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Plaintiff The Skinny Pancake-Hanover, LLC, appealed superior court decisions to grant partial summary judgment to defendants, Crotix and James and Susan Rubens, on plaintiff’s breach of contract claim, and that dismissed plaintiff’s claim against defendants for breach of the implied covenant of good faith and fair dealing. Plaintiff entered into a lease with defendants for a single unit in the Hanover Park Condominium building. The lease gave plaintiff the option to purchase its rental unit along with certain other units in the building. Less than a year later, plaintiff notified defendants it wanted to exercise its purchase option. Defendants “declined” plaintiff’s request, stating that plaintiff’s attempted exercise of the option was untimely under the terms of the agreement. Plaintiff sued; defendants answered, asserting the notice plaintiff sent regarding purchase of the rental unit was insufficient to trigger the option under the original lease agreement. Finding the superior court did not err in granting judgment in favor of defendants, the New Hampshire Supreme Court affirmed. View "The Skinny Pancake-Hanover, LLC v. Crotix" on Justia Law

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The Sixth Circuit affirmed the district court's grant of summary judgment to Columbia Gas on Landowners' state-law trespass and unjust enrichment claims involving underground storage of natural gas. In regard to the trespass claims, the court held that Landowners failed to show that Columbia Gas interfered with the possessory interest in their subsurface where each Landowner had admitted that they have not used and do not intend to use their subsurface. In regard to the unjust enrichment claims, the court held that Columbia Gas need not file a cross-appeal in order to preserve its argument to affirm the damages judgment on the ground that Columbia Gas has no underlying liability. Furthermore, Landowners' unjust enrichment claims failed because Landowners could not show, as they must, that they conferred a benefit upon the defendant. View "Baatz v. Columbia Gas Transmission, LLC" on Justia Law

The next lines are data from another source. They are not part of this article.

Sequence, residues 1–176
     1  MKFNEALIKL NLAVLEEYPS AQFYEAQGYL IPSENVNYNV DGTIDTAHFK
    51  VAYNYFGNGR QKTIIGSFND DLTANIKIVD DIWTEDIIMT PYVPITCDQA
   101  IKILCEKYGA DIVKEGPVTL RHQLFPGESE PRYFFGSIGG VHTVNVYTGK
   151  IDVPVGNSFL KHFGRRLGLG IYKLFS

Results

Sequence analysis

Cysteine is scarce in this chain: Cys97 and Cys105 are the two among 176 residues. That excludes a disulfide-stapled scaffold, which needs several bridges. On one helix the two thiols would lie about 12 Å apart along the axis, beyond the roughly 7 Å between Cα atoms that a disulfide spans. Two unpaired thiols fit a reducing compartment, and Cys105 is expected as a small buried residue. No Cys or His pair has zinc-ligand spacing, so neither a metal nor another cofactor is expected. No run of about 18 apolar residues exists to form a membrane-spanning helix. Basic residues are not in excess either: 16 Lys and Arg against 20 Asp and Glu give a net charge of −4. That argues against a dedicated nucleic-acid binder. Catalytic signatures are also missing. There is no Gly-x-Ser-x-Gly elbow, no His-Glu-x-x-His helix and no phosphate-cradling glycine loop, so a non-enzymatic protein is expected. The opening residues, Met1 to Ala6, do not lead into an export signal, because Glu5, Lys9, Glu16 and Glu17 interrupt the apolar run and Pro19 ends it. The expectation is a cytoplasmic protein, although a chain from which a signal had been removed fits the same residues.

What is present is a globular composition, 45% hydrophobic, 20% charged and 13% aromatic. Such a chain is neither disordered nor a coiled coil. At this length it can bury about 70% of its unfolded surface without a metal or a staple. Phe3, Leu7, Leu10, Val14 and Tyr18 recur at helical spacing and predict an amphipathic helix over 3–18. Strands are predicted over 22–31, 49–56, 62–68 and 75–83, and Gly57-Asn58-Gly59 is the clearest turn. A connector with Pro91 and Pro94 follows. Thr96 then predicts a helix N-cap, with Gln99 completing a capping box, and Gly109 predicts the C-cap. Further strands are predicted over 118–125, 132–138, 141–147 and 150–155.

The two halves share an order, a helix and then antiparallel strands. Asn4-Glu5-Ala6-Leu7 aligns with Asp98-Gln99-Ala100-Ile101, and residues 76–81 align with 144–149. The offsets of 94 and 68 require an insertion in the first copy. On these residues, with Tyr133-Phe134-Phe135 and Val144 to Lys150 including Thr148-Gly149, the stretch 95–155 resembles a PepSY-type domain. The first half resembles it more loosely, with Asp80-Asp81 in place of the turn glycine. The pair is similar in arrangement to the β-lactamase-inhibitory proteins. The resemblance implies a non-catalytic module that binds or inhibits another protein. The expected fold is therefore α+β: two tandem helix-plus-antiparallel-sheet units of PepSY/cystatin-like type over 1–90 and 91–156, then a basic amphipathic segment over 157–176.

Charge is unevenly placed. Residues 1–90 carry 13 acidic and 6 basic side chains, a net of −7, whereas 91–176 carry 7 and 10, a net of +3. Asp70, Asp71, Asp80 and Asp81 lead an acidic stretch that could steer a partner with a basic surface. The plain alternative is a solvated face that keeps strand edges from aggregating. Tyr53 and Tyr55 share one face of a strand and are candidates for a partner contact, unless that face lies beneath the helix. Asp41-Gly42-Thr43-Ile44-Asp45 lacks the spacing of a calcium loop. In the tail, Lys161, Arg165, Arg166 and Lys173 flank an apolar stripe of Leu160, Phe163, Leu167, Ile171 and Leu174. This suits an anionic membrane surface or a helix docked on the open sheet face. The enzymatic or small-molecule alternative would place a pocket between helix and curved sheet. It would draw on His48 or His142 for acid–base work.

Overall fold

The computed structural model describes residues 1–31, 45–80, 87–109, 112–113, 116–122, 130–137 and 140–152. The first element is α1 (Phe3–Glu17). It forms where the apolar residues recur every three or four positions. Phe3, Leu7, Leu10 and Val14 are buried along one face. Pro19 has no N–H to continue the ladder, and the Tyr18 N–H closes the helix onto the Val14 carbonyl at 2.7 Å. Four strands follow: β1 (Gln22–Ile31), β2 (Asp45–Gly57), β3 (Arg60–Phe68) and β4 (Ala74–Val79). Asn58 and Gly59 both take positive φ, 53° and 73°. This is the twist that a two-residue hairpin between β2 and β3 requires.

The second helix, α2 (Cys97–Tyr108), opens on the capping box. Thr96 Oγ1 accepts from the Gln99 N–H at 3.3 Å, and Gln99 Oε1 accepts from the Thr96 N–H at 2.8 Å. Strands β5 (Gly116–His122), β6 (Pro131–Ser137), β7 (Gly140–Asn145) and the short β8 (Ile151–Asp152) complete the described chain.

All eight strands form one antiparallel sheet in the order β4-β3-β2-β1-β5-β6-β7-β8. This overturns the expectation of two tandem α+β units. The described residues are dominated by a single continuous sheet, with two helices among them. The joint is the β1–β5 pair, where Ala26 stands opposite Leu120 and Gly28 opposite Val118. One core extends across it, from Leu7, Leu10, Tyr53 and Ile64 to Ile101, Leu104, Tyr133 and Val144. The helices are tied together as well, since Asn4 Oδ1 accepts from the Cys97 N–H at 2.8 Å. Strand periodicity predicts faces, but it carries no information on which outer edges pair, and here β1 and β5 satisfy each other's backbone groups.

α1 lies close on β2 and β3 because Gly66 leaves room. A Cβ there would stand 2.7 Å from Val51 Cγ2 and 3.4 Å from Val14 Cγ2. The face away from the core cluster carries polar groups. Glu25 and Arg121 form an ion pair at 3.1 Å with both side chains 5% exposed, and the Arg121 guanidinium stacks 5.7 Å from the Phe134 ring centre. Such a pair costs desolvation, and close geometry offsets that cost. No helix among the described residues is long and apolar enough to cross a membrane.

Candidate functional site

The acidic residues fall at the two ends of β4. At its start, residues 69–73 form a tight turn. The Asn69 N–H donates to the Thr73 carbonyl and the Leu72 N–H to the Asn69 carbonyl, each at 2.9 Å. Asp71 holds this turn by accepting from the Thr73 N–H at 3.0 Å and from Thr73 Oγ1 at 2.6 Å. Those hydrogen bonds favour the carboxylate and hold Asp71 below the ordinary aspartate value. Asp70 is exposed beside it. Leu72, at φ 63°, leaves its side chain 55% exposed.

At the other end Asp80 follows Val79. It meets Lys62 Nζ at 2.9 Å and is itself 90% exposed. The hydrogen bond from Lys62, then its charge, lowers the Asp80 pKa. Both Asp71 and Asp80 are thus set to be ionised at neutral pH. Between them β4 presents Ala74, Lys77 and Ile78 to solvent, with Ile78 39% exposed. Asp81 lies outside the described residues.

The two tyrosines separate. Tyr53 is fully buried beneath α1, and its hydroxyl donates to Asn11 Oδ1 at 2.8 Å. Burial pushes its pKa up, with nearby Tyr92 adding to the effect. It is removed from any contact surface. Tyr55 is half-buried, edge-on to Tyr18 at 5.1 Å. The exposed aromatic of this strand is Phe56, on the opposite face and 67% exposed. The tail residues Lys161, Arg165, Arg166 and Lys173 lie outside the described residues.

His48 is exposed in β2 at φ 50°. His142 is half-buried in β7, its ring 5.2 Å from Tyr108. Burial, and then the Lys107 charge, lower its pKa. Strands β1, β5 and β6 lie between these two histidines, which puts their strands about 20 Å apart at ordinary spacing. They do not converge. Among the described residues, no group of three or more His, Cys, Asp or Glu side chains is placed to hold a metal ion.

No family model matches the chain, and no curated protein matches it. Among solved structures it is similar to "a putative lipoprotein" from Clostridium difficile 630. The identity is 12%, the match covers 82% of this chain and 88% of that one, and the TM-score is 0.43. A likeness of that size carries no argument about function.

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The Supreme Court affirmed the order of the district court denying Landowners' petition for writ of review asserting that the Ravalli County Board of County Commissioners exceeded its jurisdiction to grant or deny Landowners' petition for abandonment, holding that Landowners failed to meet the statutory requirement for issuance of a writ of review. Landowners erected a gate that obstructed a portion of a county road. Landowners petitioned the Board to abandon that portion of the road, but the Board denied the petition for abandonment and ordered the gate removed. Landowners later filed their petition for a writ of review. The district court denied Landowners' petition for a writ of review and accompanying application for preliminary injunction on the basis that the Board did not exceed its jurisdiction. The Supreme Court affirmed, holding that Landowners failed to show that the Board exceeded its jurisdiction. View "Bugli v. Ravalli County" on Justia Law